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Celebrating Shavuot with the Samaritans

On Sunday, Israel’s Samaritans—members of a Jewish sect that broke away around the 5th century BCE—gathered to celebrate what on their calendar was the first day of the holiday of Shavuot. The Samaritans recognize the authority of the Pentateuch but not that of the other biblical books or of the rabbinic tradition. Alongside a series of photographs of the holiday rituals, the Times of Israel writes:

[W]hereas Jews celebrated Shavuot last Wednesday, the Samaritans marked the festival, as always, on Sunday. The discrepancy comes from the verse which says that, “You shall count for yourselves from the day after the Sabbath, . . . seven complete weeks; until the day after the seventh Sabbath you shall count fifty days [until Shavuot]” (Leviticus 23:15-16).

Rabbinic Judaism interprets “the day after the Sabbath” as referring to the day after the first day of the Passover festival [on which Sabbath-like restrictions are observed]. However, the Samaritans understand it literally to mean Shabbat, so they begin counting their seven weeks from the Saturday during Passover. . . . [F]or the Samaritans, Shavuot is a seven-day festival, and as one of the three [annual] pilgrimage festivals, the faithful all gather on Mount Gerizim, near the West Bank city of Nablus, which they believe is God’s chosen site rather than Jerusalem.

From the nearly 1,000,000 strong Samaritan kingdom that existed in the Roman period, only 750 Samaritans populate the earth today. Half live in the Samaritan village on Mount Gerizim and the other half live in the Israeli city of Holon.

Read more at Times of Israel

More about: Religion & Holidays, Samaritans, Shavuot

Hannah Arendt, Adolf Eichmann, and the Jews

Feb. 23 2018

In 1963—a year after Adolf Eichmann’s sentencing by an Israeli court—reports on the trial by the German-born Jewish philosopher Hannah Arendt appeared in the New Yorker and were soon published as a book. This “report on the banality of evil,” as the book was subtitled, outraged many Jews, including many of her erstwhile friends and admirers, on account of her manifest contempt for the entire preceding, her disgust for the state of Israel, her accusation that a wide array of European Jewish leaders (if not the majority of the victims) were complicit in their own murder, and her bizarre insistence that Eichmann was “not a monster,” or even an anti-Semite, but a mindless, faceless bureaucrat. While extensive evidence has been brought to light that Arendt was wrong both in her claims of Jewish passivity and her evaluation of Eichmann as the head of the SS’s Jewish section, her book remains widely read and admired. Ruth Wisse comments on its enduring legacy:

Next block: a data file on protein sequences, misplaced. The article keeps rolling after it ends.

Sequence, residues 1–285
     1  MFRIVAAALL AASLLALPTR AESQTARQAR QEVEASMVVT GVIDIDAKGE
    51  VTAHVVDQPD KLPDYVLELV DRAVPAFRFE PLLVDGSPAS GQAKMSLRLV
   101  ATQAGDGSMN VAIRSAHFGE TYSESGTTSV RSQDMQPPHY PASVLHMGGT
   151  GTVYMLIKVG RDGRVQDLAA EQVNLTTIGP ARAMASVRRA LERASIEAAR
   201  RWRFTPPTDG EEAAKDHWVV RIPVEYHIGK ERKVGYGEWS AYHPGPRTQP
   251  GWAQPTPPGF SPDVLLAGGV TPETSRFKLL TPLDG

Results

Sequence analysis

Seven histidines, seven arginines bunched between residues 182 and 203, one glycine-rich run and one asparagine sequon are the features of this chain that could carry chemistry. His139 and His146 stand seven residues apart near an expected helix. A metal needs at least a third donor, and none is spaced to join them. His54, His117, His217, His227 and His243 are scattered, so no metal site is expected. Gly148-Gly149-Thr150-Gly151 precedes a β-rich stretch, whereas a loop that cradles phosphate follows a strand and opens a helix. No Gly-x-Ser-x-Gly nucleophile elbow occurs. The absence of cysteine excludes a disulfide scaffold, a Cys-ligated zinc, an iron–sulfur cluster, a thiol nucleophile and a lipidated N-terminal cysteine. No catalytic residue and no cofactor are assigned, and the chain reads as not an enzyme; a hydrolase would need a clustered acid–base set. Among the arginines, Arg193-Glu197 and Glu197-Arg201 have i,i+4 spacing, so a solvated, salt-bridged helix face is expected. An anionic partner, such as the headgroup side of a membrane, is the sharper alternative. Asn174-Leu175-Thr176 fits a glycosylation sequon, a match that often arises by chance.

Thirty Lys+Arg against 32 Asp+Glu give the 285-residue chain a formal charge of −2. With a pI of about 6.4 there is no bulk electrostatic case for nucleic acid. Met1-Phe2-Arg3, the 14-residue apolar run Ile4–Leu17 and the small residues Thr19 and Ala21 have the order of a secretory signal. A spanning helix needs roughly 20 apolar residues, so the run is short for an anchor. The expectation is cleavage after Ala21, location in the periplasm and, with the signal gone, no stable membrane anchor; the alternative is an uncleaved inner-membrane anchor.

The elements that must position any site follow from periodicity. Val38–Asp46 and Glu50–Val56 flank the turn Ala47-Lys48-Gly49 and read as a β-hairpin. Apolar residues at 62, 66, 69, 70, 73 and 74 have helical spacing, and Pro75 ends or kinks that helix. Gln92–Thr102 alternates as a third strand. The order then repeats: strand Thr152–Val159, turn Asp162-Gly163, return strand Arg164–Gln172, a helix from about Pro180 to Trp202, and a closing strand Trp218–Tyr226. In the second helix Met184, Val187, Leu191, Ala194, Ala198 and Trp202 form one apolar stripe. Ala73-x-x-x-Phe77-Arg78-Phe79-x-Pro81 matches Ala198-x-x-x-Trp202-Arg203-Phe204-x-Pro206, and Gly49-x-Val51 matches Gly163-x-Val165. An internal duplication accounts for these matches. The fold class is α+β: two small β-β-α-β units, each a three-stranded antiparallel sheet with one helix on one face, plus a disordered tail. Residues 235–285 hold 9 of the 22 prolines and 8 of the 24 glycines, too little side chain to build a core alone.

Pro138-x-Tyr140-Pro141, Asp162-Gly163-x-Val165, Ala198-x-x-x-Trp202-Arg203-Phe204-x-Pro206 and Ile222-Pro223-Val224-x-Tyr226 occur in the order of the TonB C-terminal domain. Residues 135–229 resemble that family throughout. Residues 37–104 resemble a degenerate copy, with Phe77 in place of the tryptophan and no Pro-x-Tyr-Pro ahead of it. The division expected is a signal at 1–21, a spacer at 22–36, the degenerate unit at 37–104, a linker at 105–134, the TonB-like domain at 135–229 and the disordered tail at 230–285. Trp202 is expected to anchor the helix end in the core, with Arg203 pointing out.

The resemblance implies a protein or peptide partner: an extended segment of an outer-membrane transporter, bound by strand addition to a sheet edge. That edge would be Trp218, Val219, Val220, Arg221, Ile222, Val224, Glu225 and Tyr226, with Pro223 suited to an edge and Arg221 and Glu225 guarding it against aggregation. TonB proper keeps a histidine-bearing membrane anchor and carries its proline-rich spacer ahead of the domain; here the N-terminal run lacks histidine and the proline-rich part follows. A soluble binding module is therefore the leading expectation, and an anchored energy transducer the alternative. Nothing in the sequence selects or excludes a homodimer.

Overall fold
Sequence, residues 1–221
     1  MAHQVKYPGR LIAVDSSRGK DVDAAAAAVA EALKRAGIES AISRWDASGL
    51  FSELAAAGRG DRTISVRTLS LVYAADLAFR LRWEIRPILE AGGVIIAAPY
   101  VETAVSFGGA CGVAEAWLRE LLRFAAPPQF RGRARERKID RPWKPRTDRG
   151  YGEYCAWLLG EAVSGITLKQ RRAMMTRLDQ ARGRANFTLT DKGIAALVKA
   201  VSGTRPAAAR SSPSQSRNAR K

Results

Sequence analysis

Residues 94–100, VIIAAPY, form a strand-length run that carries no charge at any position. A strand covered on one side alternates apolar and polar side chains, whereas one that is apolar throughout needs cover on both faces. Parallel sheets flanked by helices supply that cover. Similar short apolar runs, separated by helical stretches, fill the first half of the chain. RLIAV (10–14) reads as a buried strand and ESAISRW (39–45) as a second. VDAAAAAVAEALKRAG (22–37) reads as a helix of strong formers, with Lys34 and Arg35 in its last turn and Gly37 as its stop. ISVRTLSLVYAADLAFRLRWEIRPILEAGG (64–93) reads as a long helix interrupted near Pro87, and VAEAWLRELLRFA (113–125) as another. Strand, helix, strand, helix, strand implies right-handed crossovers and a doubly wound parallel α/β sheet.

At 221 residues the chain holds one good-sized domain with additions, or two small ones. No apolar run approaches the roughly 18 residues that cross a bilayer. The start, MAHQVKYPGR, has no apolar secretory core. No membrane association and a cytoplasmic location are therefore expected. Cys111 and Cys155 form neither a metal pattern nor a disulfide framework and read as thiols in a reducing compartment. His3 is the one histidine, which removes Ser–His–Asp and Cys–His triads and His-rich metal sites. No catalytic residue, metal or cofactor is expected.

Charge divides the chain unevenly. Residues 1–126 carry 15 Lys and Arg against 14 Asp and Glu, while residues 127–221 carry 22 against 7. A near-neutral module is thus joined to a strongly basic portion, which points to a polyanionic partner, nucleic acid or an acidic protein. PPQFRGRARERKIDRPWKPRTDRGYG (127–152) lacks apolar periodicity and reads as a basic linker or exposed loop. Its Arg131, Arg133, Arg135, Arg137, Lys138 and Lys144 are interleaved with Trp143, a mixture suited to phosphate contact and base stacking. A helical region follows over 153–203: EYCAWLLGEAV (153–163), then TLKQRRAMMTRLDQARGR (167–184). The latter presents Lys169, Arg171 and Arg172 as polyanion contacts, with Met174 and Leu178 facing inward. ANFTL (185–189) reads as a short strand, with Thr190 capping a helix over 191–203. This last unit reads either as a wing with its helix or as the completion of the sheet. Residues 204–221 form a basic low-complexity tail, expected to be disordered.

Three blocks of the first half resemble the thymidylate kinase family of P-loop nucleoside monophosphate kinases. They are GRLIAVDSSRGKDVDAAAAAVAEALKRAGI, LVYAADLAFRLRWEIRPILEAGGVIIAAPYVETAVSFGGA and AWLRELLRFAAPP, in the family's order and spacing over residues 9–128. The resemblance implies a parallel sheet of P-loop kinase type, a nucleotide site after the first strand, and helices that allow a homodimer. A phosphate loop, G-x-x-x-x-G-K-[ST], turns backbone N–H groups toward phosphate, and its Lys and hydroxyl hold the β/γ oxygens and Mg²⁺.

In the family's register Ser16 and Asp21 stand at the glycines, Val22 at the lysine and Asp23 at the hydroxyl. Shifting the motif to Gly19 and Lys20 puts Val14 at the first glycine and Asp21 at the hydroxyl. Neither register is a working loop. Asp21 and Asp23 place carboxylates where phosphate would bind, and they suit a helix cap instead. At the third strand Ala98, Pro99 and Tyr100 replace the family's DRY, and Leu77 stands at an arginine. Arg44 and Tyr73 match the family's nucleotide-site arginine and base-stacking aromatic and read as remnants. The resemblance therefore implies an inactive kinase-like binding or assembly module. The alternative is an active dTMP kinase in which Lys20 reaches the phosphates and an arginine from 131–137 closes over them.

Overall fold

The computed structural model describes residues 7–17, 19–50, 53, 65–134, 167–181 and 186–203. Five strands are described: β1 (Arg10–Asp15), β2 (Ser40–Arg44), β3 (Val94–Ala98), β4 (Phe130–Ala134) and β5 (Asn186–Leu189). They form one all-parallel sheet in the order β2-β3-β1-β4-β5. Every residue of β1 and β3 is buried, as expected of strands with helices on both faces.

When Arendt volunteered to report on the Eichmann trial, it was presumed that she was doing so in her role as a Jew. . . . But Arendt actually traveled to Jerusalem for a deeper purpose—to reclaim Eichmann for German philosophy. She did not exonerate Nazism and in fact excoriated the postwar Adenauer government for not doing enough to punish known Nazi killers, but she rehabilitated the German mind and demonstrated how that could be done by going—not beyond, but around, good and evil. She came to erase Judaism philosophically, to complicate its search for moral clarity, and to unseat a conviction [that, in Saul Bellow’s words], “everybody . . . knows what murder is.”

Arendt was to remain the heroine of postmodernists, deconstructionists, feminists, relativists, and internationalist ideologues who deny the stability of Truth. Not coincidentally, many of them have also disputed the rights of the sovereign Jewish people to its national homeland. Indeed, as anti-Zionism cemented the coalition of leftists, Arabs, and dissident minorities, Arendt herself was conscripted, sometimes unfairly and in ways she might have protested, as an ally in their destabilizing cause. They were enchanted by her “perversity” and were undeterred in their enthusiasm by subsequent revelations, like those of the historian Bernard Wasserstein, who documented Arendt’s scholarly reliance on anti-Semitic sources in her study of totalitarianism, or of revelations about her resumed friendship with Martin Heidegger despite his Nazi associations.

At the same time, however, the Arendt report on the Eichmann trial became one of the catalysts for something no one could have predicted—an intellectual movement that came to be known as neoconservatism. A cohort of writers and thinkers, many of them Jews from immigrant families who had turned to leftism as naturally as calves to their mother’s teats, but who had slowly moved away from the Marxism of their youth during the Stalin years and World War II, now spotted corruption and dishonesty and something antithetical to them in some of their very models of the intellectual life.

They and their Gentile colleagues had constituted the only European-style intelligentsia to flourish in America. Most of them were only one generation removed from Europe, after all, so what could be more natural than for them to serve as the conduit of European intelligence to America? Arendt’s ingenious twist of the Eichmann trial showed them how Jewish and American they actually were—and how morally clear they aspired to be.

Read more at Commentary

More about: Adolf Eichmann, Hannah Arendt, History & Ideas, Holocaust, Neoconservatism, New York Intellectuals